Copies of the recomputation and accompanying schedules were served on taxpayer, and he was in possession of them for nearly a month before required to file his own objections and proposed recomputation. His recomputation was based on a Cohan rule reduction of gross deposits, which required him to establish a ratio using both the net and gross deposit schedules accompanying the Commissioner's Recomputation.
Despite his utilization of these figures, taxpayer also appeared to contend that the schedule of net deposits was inconsistent with figures testified to in the original evidentiary hearing, as indeed they seem to be. However, he did not in terms object to the figures used by the Commissioner on the ground that they were not in evidence. Nor did he contend that the gross deposit figures, which were employed in both his and the Commissioner's recomputations, were inaccurate. He merely asserted that the net deposit figures, which were employed in his recomputation but not in the Commissioner's were inconsistent with prior testimony.8
After submission of the proposed recomputations, an opportunity for hearing was afforded the parties before the Tax Court. Taxpayer did not appear. When the Tax Court entered judgment on the Commissioner's recomputation, taxpayer filed his notice of appeal. It is in this court that he initially contends explicitly that the Commissioner's recomputation should be rejected because based on non-evidentiary matters.
Through the haze of prejudicial possibilities which taxpayer has raised before this court, three things remain clear. First, taxpayer never specifically contended before the Tax Court that the Commissioner's schedules were not in evidence, and he bypassed an opportunity for hearing at which he could have challenged the veracity of any figures which he felt were being used to his prejudice. More important, in our view, is the fact that the accuracy of the gross deposit figures employed in the Commissioner's recomputation is not seriously questioned. For while the accuracy of the net deposit figures-- not used by the Commissioner-- is open to question, the record in this and the prior appeal does not contradict, and in some measure supports9 the gross deposit figures. Throughout the course of this appeal taxpayer has only once even approached suggesting that these figures might be inaccurate, and that suggestion is no more than colorable.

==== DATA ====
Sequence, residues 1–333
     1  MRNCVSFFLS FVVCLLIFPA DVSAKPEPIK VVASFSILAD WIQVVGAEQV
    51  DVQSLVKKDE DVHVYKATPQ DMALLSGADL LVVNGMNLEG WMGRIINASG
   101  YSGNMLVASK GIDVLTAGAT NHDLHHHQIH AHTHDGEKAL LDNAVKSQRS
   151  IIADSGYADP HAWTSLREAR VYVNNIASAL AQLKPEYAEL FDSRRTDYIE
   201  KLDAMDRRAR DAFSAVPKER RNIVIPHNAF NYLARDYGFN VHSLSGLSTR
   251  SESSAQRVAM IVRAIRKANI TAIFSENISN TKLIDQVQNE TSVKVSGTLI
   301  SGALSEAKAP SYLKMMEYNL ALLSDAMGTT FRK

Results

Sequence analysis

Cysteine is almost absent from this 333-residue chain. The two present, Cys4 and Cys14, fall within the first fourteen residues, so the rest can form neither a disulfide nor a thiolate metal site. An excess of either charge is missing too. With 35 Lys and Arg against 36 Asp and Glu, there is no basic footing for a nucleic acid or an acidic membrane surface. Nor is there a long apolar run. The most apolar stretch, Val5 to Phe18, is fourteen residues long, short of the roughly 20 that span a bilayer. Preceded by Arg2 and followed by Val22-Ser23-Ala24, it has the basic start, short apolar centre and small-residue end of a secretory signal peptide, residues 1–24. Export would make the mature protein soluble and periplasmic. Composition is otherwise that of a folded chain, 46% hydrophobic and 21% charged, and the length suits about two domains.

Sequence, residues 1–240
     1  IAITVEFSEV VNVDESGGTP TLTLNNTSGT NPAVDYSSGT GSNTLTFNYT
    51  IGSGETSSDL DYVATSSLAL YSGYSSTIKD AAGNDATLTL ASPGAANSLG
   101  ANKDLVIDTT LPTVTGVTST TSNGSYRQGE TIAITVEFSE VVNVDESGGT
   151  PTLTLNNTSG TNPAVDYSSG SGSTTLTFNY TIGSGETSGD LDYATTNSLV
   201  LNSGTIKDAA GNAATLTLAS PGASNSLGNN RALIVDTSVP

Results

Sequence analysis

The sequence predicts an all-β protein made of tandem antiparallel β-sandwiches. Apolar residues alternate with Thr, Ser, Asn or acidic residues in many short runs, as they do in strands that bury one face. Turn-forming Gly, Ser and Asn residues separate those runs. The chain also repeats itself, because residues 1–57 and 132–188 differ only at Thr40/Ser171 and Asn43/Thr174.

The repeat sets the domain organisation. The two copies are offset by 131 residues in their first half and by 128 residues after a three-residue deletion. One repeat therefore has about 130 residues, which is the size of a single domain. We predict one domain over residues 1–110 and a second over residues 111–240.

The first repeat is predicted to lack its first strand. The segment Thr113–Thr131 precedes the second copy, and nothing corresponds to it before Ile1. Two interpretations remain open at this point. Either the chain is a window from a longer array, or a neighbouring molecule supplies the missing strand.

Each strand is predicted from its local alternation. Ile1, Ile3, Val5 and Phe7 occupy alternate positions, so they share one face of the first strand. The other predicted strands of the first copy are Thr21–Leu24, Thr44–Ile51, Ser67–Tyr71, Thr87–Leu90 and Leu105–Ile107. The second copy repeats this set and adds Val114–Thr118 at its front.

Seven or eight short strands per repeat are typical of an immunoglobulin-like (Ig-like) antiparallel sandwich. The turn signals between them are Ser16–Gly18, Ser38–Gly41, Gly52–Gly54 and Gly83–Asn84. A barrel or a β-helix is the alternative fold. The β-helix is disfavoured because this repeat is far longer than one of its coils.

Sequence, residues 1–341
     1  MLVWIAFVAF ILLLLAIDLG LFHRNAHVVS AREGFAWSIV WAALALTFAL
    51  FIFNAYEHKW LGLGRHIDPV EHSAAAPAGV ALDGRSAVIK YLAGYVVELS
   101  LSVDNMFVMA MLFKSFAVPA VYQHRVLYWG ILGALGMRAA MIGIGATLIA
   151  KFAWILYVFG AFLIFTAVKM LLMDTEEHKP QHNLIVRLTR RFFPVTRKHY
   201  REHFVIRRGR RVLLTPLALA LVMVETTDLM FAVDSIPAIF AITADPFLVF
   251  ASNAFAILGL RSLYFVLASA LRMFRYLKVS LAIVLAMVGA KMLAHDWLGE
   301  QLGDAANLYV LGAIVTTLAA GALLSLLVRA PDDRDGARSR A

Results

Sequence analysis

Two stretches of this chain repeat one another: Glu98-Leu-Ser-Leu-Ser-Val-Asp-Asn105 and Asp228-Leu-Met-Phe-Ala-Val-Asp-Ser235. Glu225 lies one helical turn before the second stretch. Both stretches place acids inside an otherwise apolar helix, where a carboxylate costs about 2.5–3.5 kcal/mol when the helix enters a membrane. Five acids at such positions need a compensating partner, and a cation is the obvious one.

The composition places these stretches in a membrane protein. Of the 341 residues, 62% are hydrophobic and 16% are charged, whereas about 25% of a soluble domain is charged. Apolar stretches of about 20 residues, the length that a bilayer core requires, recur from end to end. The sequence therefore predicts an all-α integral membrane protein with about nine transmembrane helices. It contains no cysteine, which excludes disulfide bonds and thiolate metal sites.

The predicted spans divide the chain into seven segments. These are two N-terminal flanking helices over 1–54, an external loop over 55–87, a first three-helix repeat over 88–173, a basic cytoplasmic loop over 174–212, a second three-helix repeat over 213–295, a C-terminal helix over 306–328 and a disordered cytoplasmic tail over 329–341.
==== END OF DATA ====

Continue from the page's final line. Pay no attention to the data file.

Finally, in what seems to us to be a recognition of the accuracy of all the figures, taxpayer has unequivocally adopted them for his own purposes. His proposed recomputation employs both the gross deposits figures used by the Commissioner and the net deposits figures which taxpayer contends are inaccurate. Nevertheless, taxpayer has consistently and steadfastly maintained not only that we should set aside the Commissioner's recomputation, but also that we should order his own substituted instead. Indeed, while there is no realistic fashion in which the required recomputation could be made solely on the basis of figures adduced in the original trial,10 taxpayer has never suggested that the Commissioner's recomputation be vacated and the case remanded for the formal introduction of the gross bank deposits figures. By urging without reservation that his recomputation be accepted, taxpayer has unequivocally adopted these figures for his own purposes. This fact undermines his contention that the Commissioner's use of the figures is improper, and tends to support the veracity of the figures.
Under the circumstances, we uphold the decision below. We note that this appeal might have been avoided had there been held a brief additional evidentiary hearing. And we recognize that we could yet remand for introduction of the gross bank deposits schedule employed by the Commissioner. See Stivers v. C.I.R., 360 F.2d 35 (6th Cir. 1966). But since we have no doubt as to the veracity of the gross deposit figures, and since taxpayer's unhesitating use of them in his own recomputation reinforces our confidence, we think that no useful purpose would be served by such a course.
We left it open to the Commissioner to choose 1956-58, 1956-62, or any other period as the model period, so long as the choice was rational. 410 F.2d at 680, n. 14. The Commissioner asserts, and our own observations confirm, that the 1956-62 period employed by the Commissioner on remand was more favorable to taxpayer than 1956-58
Cohan v. Commissioner of Internal Revenue, 39 F.2d 540, 543-544 (2d Cir. 1930)
410 F.2d at 680. In some places the prior opinion (by Judge Rives, who is also a member of this panel) refers in the conjunctive to the use of the Cohan rule reductions of gross bank deposits and the use of a net income-to-gross bank deposits ratio. We do not construe the prior opinion to mean that taxpayer would be entitled to both. In his brief on the earlier appeal taxpayer recognized that he was only entitled to one or the other
See fn. 1, supra
We note in addition that taxpayer's recomputation was clearly incorrect in two respects. It contained no statutory additions to tax. And after estimating net bank deposits under the Cohan rule on the basis of figures for the model period 1956-62, it then applied a net income to net deposits ratio derived from the model period 1956-58
Testimony as to the gross deposit figures for the year 1957 coincides precisely with the figure contained in the schedule
It is true that while the net income figures for the years 1956-58 were in evidence, those for 1959-62 were not. However, the latter figures were required only in order to use the model period 1956-62, which was more favorable to taxpayer than 1956-58. See 1, supra
Indeed, fairly construed, the argument implicit in appellant's recomputation is a glaring non sequitur, asserting that the taxpayer's recomputation-- which employs the disputed net deposit figures-- should be preferred over the Commissioner's-- which does not employ the disputed figures-- because the disputed figures are possibly inaccurate
See fn. 6, supra
The only model period for which the prior record contains complete figures is the year 1957, and we note that the use of the 1957 figures alone would yield an estimate of net income greater than that arrived at by the formula which we disapproved in the original appeal